Another growl of artillery was not heard, and it was time for the warriors to forget the wounded in the exigencies of the present. An attack was made on both gates at once, and the commandant being engaged at his own post, Berenger had to make the utmost of his brief experience, backed by the counsel of a tough old sergeant; and great was his sense of exhilaration, and absolute enjoyment in this full and worthy taxing of every power of mind or body. The cry among the enemy, ‘Aime at the black plume,’ attested his prominence; but he black plum was still unscathed when spring twilight fell. The din began to subside; recalls were sounded by the besiegers; and Berenger heard his own exploit bawled in the ear of the deaf commandant, who was advancing over the bridge. The old captain complimented him, told him that he should be well reported of to M. le Duc and Sieur la Noue, and invited him to supper and bed in his own quarters. The supper Berenger accepted, so soon as he should know how it was with his brother; but as to bed, he intended to watch his brother, and visit his post form time to time.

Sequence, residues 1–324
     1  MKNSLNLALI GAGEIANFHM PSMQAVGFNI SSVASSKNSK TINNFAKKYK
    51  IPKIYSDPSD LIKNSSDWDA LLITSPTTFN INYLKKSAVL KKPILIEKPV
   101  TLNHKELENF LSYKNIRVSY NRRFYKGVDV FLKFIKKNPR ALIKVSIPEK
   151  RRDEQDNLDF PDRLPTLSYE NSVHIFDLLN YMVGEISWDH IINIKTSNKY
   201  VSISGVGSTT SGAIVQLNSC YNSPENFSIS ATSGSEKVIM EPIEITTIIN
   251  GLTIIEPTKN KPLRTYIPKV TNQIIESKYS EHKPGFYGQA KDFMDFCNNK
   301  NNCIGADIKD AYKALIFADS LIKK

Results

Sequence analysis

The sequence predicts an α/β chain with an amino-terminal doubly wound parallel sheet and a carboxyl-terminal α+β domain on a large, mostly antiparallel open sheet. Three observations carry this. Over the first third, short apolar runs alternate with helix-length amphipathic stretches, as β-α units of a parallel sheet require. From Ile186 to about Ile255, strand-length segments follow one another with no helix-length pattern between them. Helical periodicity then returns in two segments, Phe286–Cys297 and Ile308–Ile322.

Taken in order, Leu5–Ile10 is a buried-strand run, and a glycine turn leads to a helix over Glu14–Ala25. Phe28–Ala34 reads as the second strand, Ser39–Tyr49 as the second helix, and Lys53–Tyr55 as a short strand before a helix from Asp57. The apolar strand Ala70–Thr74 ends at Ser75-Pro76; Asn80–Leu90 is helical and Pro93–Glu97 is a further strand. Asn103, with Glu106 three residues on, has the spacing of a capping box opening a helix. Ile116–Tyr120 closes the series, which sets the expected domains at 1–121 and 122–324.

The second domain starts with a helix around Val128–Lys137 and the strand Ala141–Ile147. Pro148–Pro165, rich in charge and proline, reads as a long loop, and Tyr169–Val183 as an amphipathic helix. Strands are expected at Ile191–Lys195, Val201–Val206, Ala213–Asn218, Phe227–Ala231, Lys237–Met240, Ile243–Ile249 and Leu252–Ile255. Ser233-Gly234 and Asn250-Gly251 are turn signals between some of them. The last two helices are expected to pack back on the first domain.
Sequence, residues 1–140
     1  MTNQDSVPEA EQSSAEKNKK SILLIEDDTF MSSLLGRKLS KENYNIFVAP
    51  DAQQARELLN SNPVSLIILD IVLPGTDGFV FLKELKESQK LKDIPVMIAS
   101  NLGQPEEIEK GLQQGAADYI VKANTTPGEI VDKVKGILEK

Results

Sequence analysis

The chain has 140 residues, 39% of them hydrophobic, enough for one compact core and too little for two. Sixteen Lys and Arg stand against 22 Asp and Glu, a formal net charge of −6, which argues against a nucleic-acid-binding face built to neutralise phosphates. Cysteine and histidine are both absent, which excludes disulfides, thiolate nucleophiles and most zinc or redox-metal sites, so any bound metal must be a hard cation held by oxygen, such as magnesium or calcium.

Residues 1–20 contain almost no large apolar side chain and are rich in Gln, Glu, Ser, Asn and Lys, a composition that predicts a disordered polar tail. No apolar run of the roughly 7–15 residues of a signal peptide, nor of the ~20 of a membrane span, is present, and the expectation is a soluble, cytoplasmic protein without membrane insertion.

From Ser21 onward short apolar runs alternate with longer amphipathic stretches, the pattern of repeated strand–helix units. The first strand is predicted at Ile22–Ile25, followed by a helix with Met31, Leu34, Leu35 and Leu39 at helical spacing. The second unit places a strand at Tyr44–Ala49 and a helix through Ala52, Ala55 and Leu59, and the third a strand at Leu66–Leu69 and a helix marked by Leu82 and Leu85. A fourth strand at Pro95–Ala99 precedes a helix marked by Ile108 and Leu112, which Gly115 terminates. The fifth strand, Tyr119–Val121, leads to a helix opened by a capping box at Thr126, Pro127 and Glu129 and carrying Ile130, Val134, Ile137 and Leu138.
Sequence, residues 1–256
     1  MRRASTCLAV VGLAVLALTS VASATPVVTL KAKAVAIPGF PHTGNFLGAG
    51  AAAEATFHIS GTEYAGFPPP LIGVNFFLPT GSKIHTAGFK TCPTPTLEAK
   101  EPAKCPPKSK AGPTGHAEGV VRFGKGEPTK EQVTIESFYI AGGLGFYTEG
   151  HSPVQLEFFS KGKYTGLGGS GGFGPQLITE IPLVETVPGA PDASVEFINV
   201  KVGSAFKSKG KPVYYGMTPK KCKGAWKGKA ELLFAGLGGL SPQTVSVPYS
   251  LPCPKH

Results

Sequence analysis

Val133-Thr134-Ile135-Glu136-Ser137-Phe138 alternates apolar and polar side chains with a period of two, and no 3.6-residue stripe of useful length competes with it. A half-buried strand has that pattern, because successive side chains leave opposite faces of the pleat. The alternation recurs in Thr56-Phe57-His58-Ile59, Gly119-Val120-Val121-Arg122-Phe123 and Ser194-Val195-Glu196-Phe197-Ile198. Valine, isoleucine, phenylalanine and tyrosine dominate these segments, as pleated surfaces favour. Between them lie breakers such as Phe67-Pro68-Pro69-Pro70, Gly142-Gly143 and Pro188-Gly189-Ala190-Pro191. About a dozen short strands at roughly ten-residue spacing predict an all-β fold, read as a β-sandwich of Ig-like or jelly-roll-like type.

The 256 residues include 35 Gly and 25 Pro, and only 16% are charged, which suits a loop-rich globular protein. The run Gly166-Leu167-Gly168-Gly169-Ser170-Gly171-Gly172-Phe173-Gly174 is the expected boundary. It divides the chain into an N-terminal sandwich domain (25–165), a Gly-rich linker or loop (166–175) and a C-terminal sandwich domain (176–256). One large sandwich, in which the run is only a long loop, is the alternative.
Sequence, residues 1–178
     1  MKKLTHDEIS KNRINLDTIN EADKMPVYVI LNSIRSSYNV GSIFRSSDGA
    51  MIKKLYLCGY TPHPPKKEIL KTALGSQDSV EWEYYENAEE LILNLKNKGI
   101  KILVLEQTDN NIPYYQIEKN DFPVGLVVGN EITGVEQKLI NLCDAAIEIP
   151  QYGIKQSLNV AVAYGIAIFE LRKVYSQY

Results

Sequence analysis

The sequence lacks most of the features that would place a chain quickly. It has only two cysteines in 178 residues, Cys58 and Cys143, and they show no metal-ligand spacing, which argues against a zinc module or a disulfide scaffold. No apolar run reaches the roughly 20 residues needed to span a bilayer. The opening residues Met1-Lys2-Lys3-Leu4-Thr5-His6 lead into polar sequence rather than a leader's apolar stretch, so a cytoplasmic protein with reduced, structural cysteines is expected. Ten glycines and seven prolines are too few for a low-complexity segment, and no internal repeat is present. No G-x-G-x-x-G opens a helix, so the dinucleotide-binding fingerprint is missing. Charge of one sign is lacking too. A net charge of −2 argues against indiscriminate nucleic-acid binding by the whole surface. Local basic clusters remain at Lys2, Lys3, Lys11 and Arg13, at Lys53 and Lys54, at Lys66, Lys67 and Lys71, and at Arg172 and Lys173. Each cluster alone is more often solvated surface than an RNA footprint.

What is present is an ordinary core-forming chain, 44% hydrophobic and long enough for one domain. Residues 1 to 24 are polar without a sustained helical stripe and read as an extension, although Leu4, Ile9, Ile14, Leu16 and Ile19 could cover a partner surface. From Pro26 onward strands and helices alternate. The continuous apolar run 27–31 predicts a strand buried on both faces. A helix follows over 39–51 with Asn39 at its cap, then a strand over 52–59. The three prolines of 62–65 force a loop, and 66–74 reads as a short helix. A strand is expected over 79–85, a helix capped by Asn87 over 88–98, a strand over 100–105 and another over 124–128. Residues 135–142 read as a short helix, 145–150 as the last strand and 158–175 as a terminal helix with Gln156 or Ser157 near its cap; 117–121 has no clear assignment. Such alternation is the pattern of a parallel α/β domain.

The captain entered by the main door of the chapel, where ten or twelve wounded were now lying, tended by peasant women. Berenger merely passed through, seeing as he went the black hood busy over a freshly-brought-in-patient. He found a door which admitted him through the rough screen of boards to the choir where he had been in the earlier part of the day. The moonlight came through the shivered eastern windows, but a canvas curtain had been hung so as to shelter Philip’s vaulted recess from the cold draught, and the bed itself, with a chair beside it, looked neat, clean, and comfortable. Philip himself was cheery; he said the bullet had made a mere flesh-wound, and had passed out on the other side, and the Lady of Hope, as they called he, was just such another as Aunt Cecily, and had made him very comfortable, with clean linen, good cool drinks, and the tenderest hand. But he was very sleepy, so sleepy that he hardly cared to hear of the combat, only he roused himself for a moment to say, ‘Brother, I have seen Dolly.’
‘Our sister Dolly.’
’Ah, Phil! many a strange visitor has come to me in the Walnut Chamber at home.’
‘I tell you I was in my perfect senses,’ returned Philip; ’there she was, just as when we left her. And, what was stranger still, she talked French.’
‘Sleep and see her again,’ laughed Berenger.
CHAPTER XLII. THE SILVER BULLET
I am all wonder, O my son, my soul
Is stunned within me; powers to speak to him
Or to interrogate him have I none,
Or even to look on him.—Cowper’s ODYSSEY